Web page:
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The Avengers: A Celebration by Marcus Hearn

1/07/2011. Contributed by Geoff Willmetts

Buy The Avengers: A Celebration in the USA - or Buy The Avengers: A Celebration in the UK

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pub: Titan Books. 160 page illustrated indexed hardback. Price: about GBP 11.00 (UK) if you know where to look. ISBN: 978-1-84856-672-9.

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ITV’s 60s favourite, ‘The Avengers’, is probably on par with ‘The Prisoner’ for the number of books written about the series, although this volume, ‘The Avengers: A Celebration’, is really a pictorial guide from over 10,000 stills that Marcus Hearn dug through on its fiftieth anniversary. Looking through all the photographs, I hope this isn’t just the cream of the crop and that there’s enough there for further volumes of equal quality. This particular book is literally page to page discoveries and don’t underestimate what’s behind the dust cover nor on the inner cover pages both ends of the book as they aren’t identical.

The photographs are a sampling from the beginning with Ian Hendry as Dr. David Keel through to Honor Blackman as Cathy Gale, Diana Rigg as Emma Peel and Linda Thorson as Tara King, all accompanied by Patrick Macnee as John Steed. The stills are a mixture of scenes, behind the scenes and publicity photos of all concerned with occasional forays into guest-stars and settings. If you ever wondered what the name of the lake with the bridge that was used in ‘The Hour That Never Was’ and the Tara King opening credits, Hearn gives the info as being Tykes Water Lake, near the studio. There’s a lot of other useful information given in the text that you either know, forgotten or didn’t know which should be attractive to both old and new fans, especially as all three series have been recently been re-released in the UK. I like the explanation as to why Linda Thorson wore so many wigs in the part and where the material came from for the final episode.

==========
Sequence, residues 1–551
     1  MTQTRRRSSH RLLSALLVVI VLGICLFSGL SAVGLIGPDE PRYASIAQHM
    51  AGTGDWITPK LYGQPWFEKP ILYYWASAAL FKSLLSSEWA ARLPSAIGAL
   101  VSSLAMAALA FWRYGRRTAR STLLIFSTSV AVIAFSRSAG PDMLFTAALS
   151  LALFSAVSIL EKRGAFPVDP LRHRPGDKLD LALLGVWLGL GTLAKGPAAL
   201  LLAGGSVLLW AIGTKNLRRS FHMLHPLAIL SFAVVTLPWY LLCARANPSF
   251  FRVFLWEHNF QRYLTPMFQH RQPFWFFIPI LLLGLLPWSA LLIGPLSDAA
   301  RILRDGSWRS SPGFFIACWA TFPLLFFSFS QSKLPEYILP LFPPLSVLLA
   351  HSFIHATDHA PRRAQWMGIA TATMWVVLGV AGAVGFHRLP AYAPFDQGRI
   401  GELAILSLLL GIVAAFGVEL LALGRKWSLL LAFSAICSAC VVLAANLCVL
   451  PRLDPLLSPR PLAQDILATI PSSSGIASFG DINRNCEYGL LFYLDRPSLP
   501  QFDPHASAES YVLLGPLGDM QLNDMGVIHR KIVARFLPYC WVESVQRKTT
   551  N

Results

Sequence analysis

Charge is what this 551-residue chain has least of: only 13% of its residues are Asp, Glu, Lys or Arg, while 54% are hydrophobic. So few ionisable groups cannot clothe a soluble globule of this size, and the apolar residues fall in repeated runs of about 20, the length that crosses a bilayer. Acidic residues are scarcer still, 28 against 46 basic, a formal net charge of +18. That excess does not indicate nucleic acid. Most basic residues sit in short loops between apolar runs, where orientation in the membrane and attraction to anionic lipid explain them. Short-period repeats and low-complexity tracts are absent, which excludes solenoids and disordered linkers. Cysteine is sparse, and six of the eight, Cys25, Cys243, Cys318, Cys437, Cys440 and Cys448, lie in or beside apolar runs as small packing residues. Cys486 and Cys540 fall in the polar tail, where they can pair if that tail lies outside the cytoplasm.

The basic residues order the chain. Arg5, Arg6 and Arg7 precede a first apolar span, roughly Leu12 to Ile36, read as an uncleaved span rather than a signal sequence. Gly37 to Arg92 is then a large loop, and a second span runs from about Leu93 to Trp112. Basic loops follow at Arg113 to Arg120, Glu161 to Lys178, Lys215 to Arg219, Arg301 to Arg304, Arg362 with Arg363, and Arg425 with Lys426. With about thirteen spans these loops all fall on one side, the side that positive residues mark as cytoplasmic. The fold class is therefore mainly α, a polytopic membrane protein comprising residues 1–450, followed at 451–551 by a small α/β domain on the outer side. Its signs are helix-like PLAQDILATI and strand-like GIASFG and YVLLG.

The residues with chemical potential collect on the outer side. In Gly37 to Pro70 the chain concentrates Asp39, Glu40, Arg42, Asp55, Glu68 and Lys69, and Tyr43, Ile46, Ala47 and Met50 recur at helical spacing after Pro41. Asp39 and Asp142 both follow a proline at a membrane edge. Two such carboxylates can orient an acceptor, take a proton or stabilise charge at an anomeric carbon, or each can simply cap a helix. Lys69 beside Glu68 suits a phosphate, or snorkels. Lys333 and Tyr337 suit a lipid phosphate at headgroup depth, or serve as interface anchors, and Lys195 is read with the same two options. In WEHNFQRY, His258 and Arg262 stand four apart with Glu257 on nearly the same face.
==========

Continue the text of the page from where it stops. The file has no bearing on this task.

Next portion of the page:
The photographs are in black and white as well as colour which I suspect was more a choice of the original photographers of its day, especially as the series wasn’t filmed in colour until Diana Rigg’s second season. What is most surprising is so many that I can’t recall seeing in other books about the series. Something that must be of note for authors looking out for material for other TV series material because it would mean that there’s a lot of hidden material out there.

What I like most about some of the behind the scenes photos is seeing various directors and being able to put a face to their names at long last. If there’s anything missing, I just wish there were more photos of the various guest stars although I suspect getting permission for using them might be a bind.

In many respects, this is a fast read book but I suspect many of you will spend time going over it time and again and keeping it off your coffee table in case your friends want to ‘borrow’ it for a while.

GF Willmetts

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